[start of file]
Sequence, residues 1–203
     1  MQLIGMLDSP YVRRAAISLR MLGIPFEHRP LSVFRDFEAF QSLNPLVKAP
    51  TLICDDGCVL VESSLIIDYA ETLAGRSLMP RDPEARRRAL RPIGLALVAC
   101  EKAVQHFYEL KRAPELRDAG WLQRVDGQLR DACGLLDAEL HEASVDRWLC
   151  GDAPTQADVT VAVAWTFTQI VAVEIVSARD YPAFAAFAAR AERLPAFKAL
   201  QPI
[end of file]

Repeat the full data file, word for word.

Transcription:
Sequence, residues 1–203
     1  MQLIGMLDSP YVRRAAISLR MLGIPFEHRP LSVFRDFEAF QSLNPLVKAP
    51  TLICDDGCVL VESSLIIDYA ETLAGRSLMP RDPEARRRAL RPIGLALVAC
   101  EKAVQHFYEL KRAPELRDAG WLQRVDGQLR DACGLLDAEL HEASVDRWLC
   151  GDAPTQADVT VAVAWTFTQI VAVEIVSARD YPAFAAFAAR AERLPAFKAL
   201  QPI